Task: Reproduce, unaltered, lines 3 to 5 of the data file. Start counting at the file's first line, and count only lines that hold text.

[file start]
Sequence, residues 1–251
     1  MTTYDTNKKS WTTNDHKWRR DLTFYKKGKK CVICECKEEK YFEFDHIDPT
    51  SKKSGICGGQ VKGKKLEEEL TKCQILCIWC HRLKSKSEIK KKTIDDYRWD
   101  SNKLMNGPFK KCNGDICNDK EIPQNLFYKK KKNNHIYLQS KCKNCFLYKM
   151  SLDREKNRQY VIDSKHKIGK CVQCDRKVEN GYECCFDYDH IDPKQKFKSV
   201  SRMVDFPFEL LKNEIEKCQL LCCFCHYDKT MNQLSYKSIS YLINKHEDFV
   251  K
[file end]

    51  SKKSGICGGQ VKGKKLEEEL TKCQILCIWC HRLKSKSEIK KKTIDDYRWD
   101  SNKLMNGPFK KCNGDICNDK EIPQNLFYKK KKNNHIYLQS KCKNCFLYKM
   151  SLDREKNRQY VIDSKHKIGK CVQCDRKVEN GYECCFDYDH IDPKQKFKSV